We can think of the population as a set of individuals residing within households, in which adults travel to workplaces and children attend schools. An important aspect of this model is data we have collected on how far people in a household typically travel to schools or work. Thus the model tries to capture both the social structure and the real geography of populations—both of which are key to understanding and predicting the spatial and geographic spread of an emergent strain.

How do we simulate the population? We use probably the most detailed dataset available on global population density, called Landscan, which is now being used in Iraq and was used for the tsunami relief effort. This dataset, prepared by Oak Ridge National Laboratory, gives sub-kilometer data on population density globally. We clearly do not know precisely how many people live on every square kilometer of the planet, but the Landscan predicted density figures have been validated using remote-sensing as well as census data. One output of the simulation model we have constructed is maps of population density, which use colour to represent reas of the modeled region in which infection is present or trestment being undertaken..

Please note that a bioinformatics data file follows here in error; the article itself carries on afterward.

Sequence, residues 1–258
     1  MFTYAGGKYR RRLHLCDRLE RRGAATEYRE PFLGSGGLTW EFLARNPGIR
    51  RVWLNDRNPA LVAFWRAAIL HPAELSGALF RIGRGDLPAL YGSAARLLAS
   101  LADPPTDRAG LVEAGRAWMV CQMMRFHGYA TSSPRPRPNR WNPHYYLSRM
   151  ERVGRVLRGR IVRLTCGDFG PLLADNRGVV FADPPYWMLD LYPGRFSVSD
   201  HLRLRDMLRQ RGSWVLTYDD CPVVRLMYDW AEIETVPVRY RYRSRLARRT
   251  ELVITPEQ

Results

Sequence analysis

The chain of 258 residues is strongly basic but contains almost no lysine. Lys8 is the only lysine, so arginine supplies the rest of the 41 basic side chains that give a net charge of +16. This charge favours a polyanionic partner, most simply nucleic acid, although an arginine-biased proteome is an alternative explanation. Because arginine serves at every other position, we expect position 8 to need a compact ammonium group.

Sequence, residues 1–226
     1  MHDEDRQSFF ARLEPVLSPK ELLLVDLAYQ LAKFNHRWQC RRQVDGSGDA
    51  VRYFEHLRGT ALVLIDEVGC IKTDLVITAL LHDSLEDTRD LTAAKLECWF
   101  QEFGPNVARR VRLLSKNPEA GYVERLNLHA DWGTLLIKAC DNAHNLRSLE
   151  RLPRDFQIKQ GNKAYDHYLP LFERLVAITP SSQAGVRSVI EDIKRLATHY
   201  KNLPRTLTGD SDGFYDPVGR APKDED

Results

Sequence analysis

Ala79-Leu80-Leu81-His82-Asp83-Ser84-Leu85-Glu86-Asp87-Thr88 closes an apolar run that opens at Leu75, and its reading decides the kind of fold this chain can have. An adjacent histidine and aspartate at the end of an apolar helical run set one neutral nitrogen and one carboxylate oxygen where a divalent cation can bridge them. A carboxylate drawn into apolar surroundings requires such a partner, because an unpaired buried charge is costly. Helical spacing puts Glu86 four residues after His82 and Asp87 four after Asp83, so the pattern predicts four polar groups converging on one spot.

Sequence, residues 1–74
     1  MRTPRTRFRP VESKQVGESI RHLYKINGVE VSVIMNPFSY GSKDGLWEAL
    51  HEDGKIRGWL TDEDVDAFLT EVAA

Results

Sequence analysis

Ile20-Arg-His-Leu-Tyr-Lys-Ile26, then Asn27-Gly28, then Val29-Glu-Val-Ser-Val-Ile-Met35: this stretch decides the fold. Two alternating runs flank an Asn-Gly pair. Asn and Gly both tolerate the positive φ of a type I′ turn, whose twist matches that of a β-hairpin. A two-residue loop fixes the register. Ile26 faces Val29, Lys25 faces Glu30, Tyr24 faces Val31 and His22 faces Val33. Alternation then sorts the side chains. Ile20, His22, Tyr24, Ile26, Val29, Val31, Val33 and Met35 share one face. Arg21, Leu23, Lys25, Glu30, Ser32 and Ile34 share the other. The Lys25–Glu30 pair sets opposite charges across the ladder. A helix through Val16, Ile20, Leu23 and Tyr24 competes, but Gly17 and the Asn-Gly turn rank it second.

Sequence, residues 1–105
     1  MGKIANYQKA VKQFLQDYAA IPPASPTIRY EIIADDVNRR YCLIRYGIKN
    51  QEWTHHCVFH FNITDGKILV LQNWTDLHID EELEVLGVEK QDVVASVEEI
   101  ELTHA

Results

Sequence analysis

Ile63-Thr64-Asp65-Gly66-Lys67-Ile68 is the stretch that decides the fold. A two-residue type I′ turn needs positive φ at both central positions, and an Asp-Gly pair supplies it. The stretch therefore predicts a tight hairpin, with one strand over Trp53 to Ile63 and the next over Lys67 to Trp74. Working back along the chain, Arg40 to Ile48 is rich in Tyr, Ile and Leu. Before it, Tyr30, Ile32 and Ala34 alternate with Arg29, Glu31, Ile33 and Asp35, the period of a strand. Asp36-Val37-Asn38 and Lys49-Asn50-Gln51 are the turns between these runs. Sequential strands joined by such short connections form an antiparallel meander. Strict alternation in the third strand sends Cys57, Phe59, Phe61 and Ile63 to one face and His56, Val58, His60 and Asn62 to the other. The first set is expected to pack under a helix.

Capturing age and household structure are also critical for realistically modeling influenza transmission, and the model incorporates data we have collected for Thailand. We chose Thailand not because we felt it was the country of highest risk for emergence of a pandemic, but because it is representative of Southeast Asia, and data on population structure and movements in that country are available. However, we intend to generalize the model to examine Vietnam, among other countries.